ris wrote:For us docking is all about going very very slow. Check list, centerboard down 2 inches of line at cockpit, fenders down both sides, ropes on both sides ready to go to either side, safety lines unclipped from bow pulpit, boat pole within reach of boat driver, wife standing on bow holding on to bow pulpit, and just enough speed to maintain control of boat. Wife finds slip, directs me till I have good view, then she sits down holding on to bow pulpit. I angle the boat so the bow kisses dock or close to it, wife simply puts feet on dock and stands up. She then walks the line to the dock cleat, puts a turn on cleat with about 6 feet of slack and i turn motor and put in reverse and pull stern to dock and flip a loop around the dock cleat. Hardest place to dock was at Little Current in Canada with current pushing boat about 3 or 4 mph sideways and then into the slip when we turned to enter the slip. Much easier to dock going against the current. Center board down stops 26X from sliding sideways, fenders and lines on both sides in case marina gets dockside tie side mixed up (40% of the time they mess it up). Also fenders will protect another boat if we get pushed into it. If the docks are fixed and the tide is out you have to modify this procedure. We are not afraid to ask someone to catch the bow line, and tie to cleat with 6 or 7 feet of slack. Our main goal is to go very slow.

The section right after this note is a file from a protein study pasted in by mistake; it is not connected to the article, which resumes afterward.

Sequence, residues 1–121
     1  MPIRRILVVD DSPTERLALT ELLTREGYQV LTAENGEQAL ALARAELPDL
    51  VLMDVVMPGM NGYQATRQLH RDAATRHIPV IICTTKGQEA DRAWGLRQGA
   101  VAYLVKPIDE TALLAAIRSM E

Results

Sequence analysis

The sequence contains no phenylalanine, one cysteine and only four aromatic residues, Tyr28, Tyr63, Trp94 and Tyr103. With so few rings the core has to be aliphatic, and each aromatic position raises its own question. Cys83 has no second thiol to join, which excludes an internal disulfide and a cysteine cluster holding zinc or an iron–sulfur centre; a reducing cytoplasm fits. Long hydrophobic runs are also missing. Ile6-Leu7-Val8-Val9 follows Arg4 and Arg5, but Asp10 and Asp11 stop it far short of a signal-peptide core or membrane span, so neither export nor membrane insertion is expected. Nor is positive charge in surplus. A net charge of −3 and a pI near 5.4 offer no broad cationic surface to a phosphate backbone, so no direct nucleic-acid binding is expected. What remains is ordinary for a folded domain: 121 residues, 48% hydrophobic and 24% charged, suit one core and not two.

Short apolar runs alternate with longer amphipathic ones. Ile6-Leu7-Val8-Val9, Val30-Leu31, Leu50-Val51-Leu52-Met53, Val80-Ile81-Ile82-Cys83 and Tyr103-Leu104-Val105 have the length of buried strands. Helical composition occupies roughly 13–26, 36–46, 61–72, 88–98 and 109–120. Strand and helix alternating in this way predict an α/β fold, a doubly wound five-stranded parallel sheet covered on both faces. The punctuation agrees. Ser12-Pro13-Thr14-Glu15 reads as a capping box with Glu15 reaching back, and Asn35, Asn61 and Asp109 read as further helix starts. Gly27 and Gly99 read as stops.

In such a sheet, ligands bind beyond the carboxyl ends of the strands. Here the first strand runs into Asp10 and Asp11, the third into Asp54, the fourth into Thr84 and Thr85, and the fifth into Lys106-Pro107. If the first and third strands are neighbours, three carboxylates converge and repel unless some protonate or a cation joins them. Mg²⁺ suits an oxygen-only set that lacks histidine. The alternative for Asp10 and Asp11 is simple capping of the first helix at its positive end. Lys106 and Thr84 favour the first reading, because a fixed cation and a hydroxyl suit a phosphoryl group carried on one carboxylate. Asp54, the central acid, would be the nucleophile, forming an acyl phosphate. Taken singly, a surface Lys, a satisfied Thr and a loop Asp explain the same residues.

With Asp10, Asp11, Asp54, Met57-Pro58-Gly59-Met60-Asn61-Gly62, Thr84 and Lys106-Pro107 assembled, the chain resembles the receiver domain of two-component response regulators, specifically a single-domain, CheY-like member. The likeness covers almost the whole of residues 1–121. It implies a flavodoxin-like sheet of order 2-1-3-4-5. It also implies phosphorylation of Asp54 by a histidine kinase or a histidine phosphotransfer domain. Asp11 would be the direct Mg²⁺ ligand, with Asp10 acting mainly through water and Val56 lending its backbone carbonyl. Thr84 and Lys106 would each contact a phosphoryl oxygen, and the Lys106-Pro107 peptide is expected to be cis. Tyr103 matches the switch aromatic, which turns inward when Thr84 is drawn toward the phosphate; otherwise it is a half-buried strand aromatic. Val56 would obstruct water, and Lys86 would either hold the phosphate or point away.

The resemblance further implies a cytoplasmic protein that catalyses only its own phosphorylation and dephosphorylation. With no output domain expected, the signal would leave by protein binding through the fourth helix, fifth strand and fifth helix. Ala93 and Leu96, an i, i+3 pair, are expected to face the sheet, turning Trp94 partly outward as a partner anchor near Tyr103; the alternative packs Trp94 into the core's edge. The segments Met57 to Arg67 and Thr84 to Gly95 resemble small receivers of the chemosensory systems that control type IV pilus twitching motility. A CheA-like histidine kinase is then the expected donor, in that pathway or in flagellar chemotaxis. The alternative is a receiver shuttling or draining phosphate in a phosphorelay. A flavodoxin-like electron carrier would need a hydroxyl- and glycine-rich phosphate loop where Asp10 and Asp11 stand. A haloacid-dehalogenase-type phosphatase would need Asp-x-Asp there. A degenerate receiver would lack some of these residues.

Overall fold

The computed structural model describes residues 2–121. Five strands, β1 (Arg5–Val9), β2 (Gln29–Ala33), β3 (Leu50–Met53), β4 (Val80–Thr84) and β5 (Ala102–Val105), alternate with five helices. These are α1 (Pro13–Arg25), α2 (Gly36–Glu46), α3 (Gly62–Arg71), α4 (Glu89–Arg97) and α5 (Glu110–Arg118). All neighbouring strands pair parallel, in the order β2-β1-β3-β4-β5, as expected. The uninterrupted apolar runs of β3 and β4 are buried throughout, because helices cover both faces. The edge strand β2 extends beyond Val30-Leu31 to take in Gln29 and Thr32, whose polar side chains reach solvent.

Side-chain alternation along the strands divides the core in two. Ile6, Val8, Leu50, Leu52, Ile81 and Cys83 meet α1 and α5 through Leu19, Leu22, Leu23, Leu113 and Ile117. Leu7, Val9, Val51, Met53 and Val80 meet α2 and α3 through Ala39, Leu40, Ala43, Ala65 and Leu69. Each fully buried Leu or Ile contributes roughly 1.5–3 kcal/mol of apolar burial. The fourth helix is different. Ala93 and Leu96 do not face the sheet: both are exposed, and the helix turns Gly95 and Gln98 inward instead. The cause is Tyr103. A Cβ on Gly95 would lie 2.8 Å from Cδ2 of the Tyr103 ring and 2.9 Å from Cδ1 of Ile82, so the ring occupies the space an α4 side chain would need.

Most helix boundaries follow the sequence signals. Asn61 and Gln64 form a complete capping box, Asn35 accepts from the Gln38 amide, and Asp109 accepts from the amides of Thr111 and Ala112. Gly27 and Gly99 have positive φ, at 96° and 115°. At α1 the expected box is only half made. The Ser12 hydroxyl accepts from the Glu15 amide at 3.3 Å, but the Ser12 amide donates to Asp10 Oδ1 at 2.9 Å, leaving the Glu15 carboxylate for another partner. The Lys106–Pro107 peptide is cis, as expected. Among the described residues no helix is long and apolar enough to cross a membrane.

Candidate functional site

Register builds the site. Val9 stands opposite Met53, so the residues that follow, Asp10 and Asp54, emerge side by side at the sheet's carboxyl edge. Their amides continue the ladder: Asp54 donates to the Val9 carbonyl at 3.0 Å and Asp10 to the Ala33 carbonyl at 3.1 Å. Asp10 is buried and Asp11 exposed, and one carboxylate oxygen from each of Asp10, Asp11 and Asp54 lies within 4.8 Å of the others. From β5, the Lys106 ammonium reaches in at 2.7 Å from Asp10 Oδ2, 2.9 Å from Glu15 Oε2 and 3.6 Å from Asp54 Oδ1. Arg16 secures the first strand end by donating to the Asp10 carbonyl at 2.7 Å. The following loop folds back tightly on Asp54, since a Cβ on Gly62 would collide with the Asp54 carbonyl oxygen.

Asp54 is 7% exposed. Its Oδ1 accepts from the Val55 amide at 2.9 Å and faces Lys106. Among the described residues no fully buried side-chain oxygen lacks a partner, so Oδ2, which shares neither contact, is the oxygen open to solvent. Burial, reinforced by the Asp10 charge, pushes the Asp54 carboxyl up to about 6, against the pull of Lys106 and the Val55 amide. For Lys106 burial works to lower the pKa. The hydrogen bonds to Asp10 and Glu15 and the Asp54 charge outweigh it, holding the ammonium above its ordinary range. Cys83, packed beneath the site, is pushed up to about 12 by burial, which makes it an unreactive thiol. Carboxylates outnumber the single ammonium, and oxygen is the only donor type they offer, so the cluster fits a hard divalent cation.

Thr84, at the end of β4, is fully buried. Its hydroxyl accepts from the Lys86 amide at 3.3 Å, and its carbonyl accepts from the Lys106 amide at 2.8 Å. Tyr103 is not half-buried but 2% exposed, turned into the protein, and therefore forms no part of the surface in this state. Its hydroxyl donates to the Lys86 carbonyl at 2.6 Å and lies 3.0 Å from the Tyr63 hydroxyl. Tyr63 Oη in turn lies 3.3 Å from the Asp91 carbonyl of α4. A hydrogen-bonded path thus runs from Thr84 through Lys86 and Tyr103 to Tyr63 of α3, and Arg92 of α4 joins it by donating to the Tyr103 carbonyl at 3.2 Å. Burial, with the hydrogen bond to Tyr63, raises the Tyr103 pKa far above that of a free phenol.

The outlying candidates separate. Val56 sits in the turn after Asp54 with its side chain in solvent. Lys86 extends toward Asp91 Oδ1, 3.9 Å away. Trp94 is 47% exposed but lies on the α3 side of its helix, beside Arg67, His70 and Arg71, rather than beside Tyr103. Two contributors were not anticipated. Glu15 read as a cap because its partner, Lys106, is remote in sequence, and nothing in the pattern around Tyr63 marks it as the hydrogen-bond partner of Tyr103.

I am in total agreement with ris. I do make two mods to his protocol. I put down both of my rudders, and I have my wife/Admiral sitting on the bow with a boat hook. We have two kinds, one with a loop at the end for tying up to posts and one with a hook to tie up to horn cleats. When wife/Admiral/deck crew gets the hook on the cleat, I snag the aft cleat with my own hook and pull boat to dock, jump off, tie down stern line and then go forward to tie up bow line while she keeps hook ready in case of the unexpected. Definitely like keeping three fenders down on both sides and having four lines on my own horn cleats, two on each side, one fore and one aft, ready to go at all times. I try very hard not to ask anyone to jump to the dock in docking, but myself. But, I hear you. Courses do help. Thanks for tip.